Commercial garbage collection rates in the city of Pineville will be going up, some substantially, as the city renewed it’s contract with Waste Connection during a special called meeting on Monday.

Residential rates will stay at $13.00 for the first two years of the new contract, then increase to $13.50 in year three and $14.00 in years four and five. The water company will continue to bill residential and church customers for garbage collection while Waste Connection will start directly billing commercial customers.

Some commercial customers could see their bills triple. Mayor Scott Madon gave an example from a restaurant in town. They had been paying $21 for three dumpsters but should have been paying $65 under the current contract. Under the new contract the bill for three dumpsters would jump to $179.

“Commercial customers can expect some increases and it’s based on usage,” Madon said. “Some people may be able to adjust the number of canisters they are using. The ones that get picked up daily are the ones that are really going to see an increase. I think the school is going to get hit the worst. The rate these people were paying was for getting garbage picked up one day a week and it was getting picked up every day.”

Waste Connection bought out Poff Sanitation last year and is the city’s current provider. Madon said the city advertised for bids and even talked to some other companies but Waste Connection was the only one to submit a bid.

“The 109 Board passed a substantial increase to the garbage folks and of couse they passed that on to us,” he said. “It’s about like the phone company. Nobody else submitted a bid so we were kind of at their mercy.”

He said the city has done a lot to reduce the amount of garbage it produces through the recycling program and installing an electric gate around their dumpsters in Wallsend.

“We went from having that one dumped every week to every six weeks so we’ve cut down on our amount of garbage a lot,” he said. “Hopefully a lot of our businesses will be able to do the same thing.”

Madon was pleased to be able to keep the residential rate as low as it is.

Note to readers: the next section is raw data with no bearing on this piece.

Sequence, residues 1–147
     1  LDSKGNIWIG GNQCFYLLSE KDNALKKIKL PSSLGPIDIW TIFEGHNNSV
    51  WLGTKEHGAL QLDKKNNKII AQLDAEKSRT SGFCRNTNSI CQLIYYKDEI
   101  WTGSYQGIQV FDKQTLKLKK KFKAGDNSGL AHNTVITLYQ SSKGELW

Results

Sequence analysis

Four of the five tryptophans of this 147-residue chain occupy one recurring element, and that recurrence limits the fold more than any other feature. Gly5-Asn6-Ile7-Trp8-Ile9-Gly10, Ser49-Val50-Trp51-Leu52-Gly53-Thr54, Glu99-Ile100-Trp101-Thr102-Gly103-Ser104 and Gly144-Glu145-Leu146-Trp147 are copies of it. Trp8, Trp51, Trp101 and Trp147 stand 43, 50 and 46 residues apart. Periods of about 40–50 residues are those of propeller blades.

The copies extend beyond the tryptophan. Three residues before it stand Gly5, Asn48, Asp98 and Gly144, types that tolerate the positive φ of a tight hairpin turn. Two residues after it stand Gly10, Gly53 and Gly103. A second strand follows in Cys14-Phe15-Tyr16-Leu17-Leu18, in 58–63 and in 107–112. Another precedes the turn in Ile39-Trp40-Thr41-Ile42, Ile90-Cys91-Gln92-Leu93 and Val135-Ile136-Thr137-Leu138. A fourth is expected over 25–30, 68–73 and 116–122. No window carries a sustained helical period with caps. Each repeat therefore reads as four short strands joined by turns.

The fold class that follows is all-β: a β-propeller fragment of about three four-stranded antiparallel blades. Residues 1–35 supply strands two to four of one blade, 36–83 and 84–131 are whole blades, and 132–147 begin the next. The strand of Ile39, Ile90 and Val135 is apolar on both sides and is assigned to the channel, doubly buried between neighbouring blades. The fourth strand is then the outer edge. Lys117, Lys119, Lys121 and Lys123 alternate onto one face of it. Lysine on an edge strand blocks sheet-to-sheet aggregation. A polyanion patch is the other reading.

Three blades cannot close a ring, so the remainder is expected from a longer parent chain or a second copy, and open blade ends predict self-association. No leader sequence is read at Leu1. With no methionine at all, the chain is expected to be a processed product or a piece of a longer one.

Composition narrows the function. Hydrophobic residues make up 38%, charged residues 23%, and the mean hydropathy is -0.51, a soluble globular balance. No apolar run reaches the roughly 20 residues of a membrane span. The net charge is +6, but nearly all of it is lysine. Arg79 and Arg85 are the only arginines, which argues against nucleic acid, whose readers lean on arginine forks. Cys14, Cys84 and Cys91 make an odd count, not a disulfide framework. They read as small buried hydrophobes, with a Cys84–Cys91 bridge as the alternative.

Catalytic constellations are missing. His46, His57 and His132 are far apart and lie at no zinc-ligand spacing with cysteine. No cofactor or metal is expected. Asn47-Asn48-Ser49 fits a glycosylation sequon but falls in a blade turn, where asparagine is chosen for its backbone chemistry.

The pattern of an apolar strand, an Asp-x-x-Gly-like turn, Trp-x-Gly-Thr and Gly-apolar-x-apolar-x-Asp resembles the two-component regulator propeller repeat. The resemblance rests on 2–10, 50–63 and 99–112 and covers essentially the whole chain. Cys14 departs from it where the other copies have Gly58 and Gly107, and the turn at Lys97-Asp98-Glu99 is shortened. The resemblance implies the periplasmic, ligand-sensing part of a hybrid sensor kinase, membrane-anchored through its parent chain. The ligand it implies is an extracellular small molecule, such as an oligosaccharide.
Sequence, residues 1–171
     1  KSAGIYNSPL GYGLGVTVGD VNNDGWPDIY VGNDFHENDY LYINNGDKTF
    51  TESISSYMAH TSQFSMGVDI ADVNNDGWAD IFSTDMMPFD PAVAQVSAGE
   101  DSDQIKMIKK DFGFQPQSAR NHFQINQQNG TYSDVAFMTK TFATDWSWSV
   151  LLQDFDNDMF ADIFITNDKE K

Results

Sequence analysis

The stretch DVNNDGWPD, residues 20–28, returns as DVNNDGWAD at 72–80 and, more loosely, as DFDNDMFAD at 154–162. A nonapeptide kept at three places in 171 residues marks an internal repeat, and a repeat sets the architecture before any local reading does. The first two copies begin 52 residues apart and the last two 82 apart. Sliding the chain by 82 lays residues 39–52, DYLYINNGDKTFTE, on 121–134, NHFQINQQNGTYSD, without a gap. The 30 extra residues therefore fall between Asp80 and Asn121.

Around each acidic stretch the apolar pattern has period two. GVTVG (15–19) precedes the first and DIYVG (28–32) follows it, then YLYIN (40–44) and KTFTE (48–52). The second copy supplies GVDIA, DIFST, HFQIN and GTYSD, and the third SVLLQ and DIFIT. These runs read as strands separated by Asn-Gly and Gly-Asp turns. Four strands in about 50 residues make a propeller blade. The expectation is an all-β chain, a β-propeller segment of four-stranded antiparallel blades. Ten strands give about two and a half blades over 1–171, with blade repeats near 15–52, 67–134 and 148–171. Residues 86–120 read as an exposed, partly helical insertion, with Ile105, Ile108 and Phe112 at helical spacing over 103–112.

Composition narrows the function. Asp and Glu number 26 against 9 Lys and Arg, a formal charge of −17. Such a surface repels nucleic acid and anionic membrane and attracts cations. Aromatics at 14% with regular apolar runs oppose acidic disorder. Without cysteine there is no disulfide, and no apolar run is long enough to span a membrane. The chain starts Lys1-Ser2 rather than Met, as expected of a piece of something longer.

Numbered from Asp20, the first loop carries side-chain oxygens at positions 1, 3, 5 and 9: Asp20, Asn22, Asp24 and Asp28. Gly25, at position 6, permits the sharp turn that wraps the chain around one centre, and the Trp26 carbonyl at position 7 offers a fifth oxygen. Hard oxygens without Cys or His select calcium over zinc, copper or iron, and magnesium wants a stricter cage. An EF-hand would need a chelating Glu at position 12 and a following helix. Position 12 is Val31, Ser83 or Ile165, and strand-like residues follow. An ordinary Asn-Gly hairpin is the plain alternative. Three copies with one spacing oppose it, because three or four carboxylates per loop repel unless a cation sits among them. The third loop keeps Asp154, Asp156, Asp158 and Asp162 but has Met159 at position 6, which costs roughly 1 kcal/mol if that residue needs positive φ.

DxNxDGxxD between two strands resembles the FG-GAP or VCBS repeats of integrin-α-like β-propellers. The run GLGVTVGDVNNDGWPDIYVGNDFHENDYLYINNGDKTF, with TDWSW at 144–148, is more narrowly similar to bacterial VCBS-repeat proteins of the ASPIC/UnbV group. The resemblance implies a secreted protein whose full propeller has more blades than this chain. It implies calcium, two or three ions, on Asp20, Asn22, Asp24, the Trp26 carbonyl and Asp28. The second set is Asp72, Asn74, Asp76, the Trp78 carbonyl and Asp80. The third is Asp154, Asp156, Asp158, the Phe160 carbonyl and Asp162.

“Middlesboro’s is $14.25 now so that’s a pretty good residential rate for us,” he said.

The council also approved the second reading of an ordinance authorizing the Bell County Sheriff to bill and collect property taxes for the city.

“The Sheriff collects taxes for the city of Middlesboro and all three school systems in Bell County so we decided to do that for a couple of reasons,” Madon said. “One, it makes it like a one-stop shop if you go to pay your county taxes you can pay your city, too, instead of having to come to City Hall. Also, we get 100-percent collections that way.”

Pineville residents will no longer pay their taxes at City Hall. Instead, they will pay them at the Sheriff’s Office.

“They’ll mail them out the same and people will still be able to get the same discounts if they pay early,” Madon said. “At the end of the tax season the county sells all of the outstanding taxes and ours would be included in that so we would get 100 percent of our projected tax revenue. We’ve been collecting about 95-percent, which is really good. But this will make sure we get all of it.”

Madon gave a brief update on Courthouse Square project, saying the city is planning for work to start on June 1, 2021. The work is expected to take nine to 12 months and could be completed by the time Boone’s Ridge is projected to open in March of 2022.

 “The Virginia Avenue part of it won’t be too bad, but when we get up around the courthouse and going in eight feet around the square to add parking it could get tricky,” he said.

Madon said he had spoken with David Ledford last week about Boone’s Ridge, the Appalachian Wildlife Center. You can now go to www.boonesridge.com and see a live countdown to the center’s opening.

“Their projected opening is March of 2022. They are looking at starting construction in October and they’ve always said it would take 15 to 18 months to complete,” Madon said. “I know people have gotten a bit weary on the project because there hasn’t been a lot going on. What happened was they were dealing with a bank out in Nevada and the guy they were dealing with either got fired or laid off during COVID. So they had to explain everything to a new banker all over again and had to fly out there twice. They wound up having to get everything financed through that bank and they had to redo a new survey.

“I’m a firm believer that the project is a go. It’s going to happen.”

The council also voted to accept the 2019-20 Fiscal Year Audit report.

“We had a good audit. No findings or anything,” Madon said. “We’re pleased and thankful to get that behind us. It’s always a good feeling to get the audit behind you, especially if you have a good one.”

The council also approved the second reading of an update to the city’s ordinance on flood plain management and prevention. Madon said there were no changes in how the ordinance affects people but it hadn’t been updated since 2015 and FEMA had requested the city update it.

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